What We're Watching Now - Friday Review of STRANGER THINGS


I was born in 1970, so, any homage to my childhood pulls on the heartstrings of my youth. This series, based in 1983 Indiana, hits home on many levels, leaving me longing for the days of tube socks and rotary dial phones.

However, I had my “meh” moments more often than I expected in this series so largely followed by the masses. I thought some of the characters weren’t fully developed, and had reactions I didn’t appreciate. This was more of a personal preference than some glaring error. I believed the town’s people shown in the series lacked a serious mourning for allegedly-deceased Will Byers. In a small town, folks are usually more cohesive and supportive, especially during times of tragedy.

When Will Byers goes missing, his mother, Joyce, is determined to find him. Based upon communications she receives from him in rather unconventional methods, she knows he isn't dead, but, she can't get to him. His friends are just as determined to find him, setting out on secret missions following the path Will took home the night he disappeared.

Will’s friends went on searches apart from his mother to find him, and bring him home safely. Led by Mike Wheeler, Dustin Henderson and Lucas Sinclair, the kiddos gave a gritty and realistic portrayal of how young soldiers fight the monsters lurking in the shadows. They affectionately reminded me of a Stand By Me group of young men, another positive throwback I felt from watching this series.  

When Eleven came on the scene, I wanted to hug her and cook her a big supper. The poor kid lived through hell, and the bad part was, she didn’t know anything different. Once she met the band of young heroes, El finally realized what love and friendship really were.

Blame it on my failing eyesight, but, with so much filmed in darkened settings, at times, I had trouble distinguishing what was happening onscreen. I listened for cues, and was greeted mostly by the sickening intestinal Jabba the Hutt sound effects.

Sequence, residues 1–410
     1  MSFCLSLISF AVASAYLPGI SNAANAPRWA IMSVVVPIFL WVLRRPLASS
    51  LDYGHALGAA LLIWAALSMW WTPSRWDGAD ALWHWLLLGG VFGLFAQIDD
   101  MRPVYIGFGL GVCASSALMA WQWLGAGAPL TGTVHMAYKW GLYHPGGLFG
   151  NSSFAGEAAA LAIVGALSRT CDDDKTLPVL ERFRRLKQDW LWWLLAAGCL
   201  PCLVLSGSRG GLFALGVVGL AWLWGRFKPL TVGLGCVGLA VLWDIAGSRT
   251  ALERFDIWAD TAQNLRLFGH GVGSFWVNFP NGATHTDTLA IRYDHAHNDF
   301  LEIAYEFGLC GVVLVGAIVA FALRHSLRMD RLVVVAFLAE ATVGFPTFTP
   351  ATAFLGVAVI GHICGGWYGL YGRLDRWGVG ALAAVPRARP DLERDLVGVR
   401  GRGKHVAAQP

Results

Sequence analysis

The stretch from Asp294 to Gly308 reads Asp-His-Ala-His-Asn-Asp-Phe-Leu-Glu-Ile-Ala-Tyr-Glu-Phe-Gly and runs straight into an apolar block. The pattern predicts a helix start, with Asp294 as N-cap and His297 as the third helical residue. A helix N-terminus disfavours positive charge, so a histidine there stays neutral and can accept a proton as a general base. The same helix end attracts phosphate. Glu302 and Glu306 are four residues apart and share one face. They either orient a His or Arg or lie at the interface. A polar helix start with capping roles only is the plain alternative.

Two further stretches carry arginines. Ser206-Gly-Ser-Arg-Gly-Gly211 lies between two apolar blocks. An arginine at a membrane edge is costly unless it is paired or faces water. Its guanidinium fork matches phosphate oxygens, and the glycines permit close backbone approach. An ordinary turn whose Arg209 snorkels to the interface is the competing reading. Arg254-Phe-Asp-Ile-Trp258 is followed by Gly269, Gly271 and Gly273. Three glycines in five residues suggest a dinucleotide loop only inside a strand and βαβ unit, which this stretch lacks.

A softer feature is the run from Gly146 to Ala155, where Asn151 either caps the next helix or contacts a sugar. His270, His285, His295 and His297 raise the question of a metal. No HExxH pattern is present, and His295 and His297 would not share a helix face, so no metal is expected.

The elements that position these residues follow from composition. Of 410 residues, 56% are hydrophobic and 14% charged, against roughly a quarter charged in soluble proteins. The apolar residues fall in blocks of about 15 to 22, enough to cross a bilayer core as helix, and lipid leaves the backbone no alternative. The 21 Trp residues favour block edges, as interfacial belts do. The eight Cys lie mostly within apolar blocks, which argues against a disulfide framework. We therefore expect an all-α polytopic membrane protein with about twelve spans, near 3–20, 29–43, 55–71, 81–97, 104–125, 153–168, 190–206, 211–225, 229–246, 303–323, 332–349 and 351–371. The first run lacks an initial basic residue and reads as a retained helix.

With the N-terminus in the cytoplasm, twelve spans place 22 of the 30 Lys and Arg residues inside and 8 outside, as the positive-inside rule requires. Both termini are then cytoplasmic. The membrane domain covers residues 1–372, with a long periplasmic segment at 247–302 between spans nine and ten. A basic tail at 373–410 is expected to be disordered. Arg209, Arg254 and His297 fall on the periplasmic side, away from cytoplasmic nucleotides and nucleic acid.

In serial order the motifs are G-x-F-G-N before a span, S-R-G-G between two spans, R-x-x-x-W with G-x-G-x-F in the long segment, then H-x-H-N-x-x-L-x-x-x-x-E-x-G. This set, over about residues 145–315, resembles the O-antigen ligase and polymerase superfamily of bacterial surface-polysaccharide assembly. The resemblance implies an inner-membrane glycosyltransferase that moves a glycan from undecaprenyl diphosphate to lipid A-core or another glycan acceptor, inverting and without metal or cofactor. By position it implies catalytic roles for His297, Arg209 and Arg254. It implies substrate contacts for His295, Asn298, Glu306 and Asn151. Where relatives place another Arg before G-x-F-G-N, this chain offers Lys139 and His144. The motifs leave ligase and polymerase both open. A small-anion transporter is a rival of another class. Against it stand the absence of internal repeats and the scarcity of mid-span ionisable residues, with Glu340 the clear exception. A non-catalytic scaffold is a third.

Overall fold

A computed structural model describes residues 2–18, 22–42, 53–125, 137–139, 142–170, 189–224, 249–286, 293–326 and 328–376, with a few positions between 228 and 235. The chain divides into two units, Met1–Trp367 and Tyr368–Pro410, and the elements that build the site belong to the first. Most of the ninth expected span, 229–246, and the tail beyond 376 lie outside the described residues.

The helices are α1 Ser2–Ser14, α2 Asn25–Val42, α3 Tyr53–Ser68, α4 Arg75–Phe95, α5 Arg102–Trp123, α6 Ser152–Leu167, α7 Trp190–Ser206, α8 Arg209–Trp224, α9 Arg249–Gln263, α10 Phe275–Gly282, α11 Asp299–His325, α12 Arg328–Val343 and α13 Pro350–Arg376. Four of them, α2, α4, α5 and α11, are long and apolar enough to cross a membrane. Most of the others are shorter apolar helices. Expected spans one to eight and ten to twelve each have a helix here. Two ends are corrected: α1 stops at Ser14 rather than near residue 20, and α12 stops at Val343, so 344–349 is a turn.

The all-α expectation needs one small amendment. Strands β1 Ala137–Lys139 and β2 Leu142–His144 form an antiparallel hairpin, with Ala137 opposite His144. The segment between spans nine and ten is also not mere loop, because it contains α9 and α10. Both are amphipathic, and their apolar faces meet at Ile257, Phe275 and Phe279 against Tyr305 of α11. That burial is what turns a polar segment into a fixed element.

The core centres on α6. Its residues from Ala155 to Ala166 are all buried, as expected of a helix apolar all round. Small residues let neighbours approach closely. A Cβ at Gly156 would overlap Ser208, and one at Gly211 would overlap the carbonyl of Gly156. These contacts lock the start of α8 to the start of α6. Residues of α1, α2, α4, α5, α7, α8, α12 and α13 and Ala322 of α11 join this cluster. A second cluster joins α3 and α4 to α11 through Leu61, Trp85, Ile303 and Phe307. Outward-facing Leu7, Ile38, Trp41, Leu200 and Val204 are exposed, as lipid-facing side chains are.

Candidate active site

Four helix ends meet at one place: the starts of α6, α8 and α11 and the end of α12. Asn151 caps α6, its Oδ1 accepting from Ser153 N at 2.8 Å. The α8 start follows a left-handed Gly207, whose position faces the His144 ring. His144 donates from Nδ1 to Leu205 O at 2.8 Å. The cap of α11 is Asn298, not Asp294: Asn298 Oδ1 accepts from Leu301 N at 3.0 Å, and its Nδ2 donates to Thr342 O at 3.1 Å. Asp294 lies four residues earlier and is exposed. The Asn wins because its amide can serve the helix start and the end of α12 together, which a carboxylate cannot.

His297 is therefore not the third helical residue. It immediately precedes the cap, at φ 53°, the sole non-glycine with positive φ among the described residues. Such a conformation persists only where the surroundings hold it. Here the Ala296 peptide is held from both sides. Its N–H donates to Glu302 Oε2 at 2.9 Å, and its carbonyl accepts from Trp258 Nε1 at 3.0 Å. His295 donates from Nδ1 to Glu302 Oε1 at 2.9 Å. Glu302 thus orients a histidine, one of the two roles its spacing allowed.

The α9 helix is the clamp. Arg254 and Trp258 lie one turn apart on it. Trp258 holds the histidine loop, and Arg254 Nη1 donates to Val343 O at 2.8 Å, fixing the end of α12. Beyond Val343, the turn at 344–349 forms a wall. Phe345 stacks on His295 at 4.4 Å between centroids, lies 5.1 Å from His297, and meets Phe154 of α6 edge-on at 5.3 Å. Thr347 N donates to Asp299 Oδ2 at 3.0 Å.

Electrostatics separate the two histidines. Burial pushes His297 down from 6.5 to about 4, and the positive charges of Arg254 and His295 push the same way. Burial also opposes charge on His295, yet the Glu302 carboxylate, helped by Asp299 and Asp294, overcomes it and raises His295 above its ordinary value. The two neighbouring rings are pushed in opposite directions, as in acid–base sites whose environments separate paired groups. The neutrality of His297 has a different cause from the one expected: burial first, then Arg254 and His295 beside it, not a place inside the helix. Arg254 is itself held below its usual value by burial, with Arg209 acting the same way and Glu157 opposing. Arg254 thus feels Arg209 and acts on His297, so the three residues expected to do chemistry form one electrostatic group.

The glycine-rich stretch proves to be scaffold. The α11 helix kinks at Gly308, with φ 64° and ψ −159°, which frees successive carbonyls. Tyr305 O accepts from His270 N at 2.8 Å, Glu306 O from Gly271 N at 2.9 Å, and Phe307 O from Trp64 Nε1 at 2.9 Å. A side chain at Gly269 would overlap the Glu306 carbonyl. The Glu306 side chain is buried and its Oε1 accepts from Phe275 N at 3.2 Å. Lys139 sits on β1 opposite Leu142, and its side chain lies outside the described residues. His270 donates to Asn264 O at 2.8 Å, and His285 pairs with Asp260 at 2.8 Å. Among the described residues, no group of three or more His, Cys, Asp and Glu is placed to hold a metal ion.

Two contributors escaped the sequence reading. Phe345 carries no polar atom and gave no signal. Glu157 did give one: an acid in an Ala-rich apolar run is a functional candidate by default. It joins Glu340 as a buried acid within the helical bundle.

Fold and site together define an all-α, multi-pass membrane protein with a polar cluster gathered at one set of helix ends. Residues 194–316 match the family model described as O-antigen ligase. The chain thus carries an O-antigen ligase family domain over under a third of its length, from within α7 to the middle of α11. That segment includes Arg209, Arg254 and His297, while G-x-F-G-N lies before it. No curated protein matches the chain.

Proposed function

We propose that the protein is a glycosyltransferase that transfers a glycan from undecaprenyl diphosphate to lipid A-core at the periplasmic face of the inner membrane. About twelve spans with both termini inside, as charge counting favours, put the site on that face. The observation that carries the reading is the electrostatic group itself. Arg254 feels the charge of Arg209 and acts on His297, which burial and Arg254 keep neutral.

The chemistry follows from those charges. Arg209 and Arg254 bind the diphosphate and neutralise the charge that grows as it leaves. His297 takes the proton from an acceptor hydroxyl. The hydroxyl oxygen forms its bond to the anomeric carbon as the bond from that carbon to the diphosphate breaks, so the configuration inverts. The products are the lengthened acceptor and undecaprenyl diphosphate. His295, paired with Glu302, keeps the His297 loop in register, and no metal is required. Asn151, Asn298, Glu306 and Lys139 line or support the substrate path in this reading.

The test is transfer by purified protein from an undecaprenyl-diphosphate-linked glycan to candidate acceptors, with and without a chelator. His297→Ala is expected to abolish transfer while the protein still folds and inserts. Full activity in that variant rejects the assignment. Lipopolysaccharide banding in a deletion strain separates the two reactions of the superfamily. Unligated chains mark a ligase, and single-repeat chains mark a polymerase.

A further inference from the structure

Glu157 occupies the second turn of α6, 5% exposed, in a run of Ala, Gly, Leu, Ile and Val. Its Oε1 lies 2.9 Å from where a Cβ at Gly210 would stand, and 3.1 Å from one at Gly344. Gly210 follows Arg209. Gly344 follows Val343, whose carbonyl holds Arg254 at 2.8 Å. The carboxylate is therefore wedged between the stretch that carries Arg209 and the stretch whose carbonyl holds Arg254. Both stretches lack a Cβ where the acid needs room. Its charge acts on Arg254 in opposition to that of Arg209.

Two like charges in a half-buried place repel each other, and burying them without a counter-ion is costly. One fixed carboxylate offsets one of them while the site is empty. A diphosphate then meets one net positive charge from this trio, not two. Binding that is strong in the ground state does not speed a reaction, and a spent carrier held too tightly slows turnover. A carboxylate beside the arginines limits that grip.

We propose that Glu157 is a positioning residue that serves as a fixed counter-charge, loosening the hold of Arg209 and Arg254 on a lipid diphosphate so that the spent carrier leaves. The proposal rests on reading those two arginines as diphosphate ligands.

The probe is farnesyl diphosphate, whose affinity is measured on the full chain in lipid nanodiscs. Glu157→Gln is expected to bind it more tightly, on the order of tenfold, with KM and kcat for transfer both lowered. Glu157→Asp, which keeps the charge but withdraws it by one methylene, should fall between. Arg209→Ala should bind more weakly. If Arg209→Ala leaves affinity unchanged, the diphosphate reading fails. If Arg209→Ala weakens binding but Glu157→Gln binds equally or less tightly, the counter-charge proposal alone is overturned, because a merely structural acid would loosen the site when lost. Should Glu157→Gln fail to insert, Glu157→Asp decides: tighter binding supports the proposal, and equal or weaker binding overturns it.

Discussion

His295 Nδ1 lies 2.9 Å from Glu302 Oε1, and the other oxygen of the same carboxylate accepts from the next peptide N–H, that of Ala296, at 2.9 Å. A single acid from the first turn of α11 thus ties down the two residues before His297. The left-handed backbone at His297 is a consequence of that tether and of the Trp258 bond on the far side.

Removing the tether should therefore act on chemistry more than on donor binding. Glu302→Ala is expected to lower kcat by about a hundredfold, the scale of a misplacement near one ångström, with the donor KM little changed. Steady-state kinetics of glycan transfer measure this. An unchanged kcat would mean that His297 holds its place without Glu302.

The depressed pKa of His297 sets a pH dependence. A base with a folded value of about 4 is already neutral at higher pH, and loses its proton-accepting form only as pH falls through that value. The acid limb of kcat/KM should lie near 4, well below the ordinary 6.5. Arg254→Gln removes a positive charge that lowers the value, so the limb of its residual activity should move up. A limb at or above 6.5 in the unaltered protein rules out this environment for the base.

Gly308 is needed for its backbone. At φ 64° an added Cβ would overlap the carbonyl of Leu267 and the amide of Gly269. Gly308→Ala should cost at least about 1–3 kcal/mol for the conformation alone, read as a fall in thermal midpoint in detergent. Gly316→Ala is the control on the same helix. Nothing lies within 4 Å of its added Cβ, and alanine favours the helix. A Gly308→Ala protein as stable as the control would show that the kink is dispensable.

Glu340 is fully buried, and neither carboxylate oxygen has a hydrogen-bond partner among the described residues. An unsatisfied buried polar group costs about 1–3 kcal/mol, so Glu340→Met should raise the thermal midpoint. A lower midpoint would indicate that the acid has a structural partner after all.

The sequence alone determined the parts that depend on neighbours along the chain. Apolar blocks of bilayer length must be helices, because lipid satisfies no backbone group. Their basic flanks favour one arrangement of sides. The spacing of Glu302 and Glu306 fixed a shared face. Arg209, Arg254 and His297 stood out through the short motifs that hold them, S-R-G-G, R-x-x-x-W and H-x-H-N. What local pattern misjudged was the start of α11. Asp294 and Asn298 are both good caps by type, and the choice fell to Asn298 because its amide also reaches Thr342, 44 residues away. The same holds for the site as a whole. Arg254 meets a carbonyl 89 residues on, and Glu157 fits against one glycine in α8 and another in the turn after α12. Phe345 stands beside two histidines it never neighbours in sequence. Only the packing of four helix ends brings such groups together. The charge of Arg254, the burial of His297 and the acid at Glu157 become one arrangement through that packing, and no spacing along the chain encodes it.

Winona Ryder gives an incredible turn as an unstoppable mother, Joyce Byers, determined to find her son, regardless of how crazy her efforts become. My favorite line she delivered with perfect dryness, “Just ring me up, Donald.” You have to watch the episode 3, Holly Jolly, to catch this scene. Just Ring Me Up Donald

I didn’t care for Nancy Wheeler’s character, played by Natalia Dyer. The non-existent relationship she has with her brother, Mike, is believable as siblings go. But, her seemingly flippant dismissal of her friend, Barb, really gave me a shallow perception of her. She was “supposed” to have stronger character than that, but maybe that was part of the scripted suburban girl rebellious package.  Natalia did a fine job with the role given, but, I believe the character lacked depth. Nancy became involved with a group of reprehensible teenagers, led by Steve, the Douche, who were more than unlikable- they were unnecessarily horrible. Tommy and Carol were worse than the middle school bullies tormenting Mike, Dustin, and Lucas.

Speaking of Barb, she received nary a mention after she disappeared, did this girl have caring parents, family, or friends to speak of? Even Nancy half-assed her desire to find Barb. Thank goodness for Jonathan. OMG, I found this blog, and it’s EPIC Everyone Needs a Barb

Chief Jim Hopper, fighting his own demons, became heartfelt and involved in this search, disregarding common sense and supporting Joyce in her pursuit.

Finally, Will’s brother, Jonathan Byers, was a character I engaged with, wanting him to succeed. The responsible son, helping out his mom with money, cooking, and going to school, became a character I admired.

I kept watching through until the end because I had to know how the season ended. I still have mixed feelings about this series. However, it has its’ moments, and will certainly satisfy the binge-watching urge.

I’m giving this one *** 3 snowflakes.





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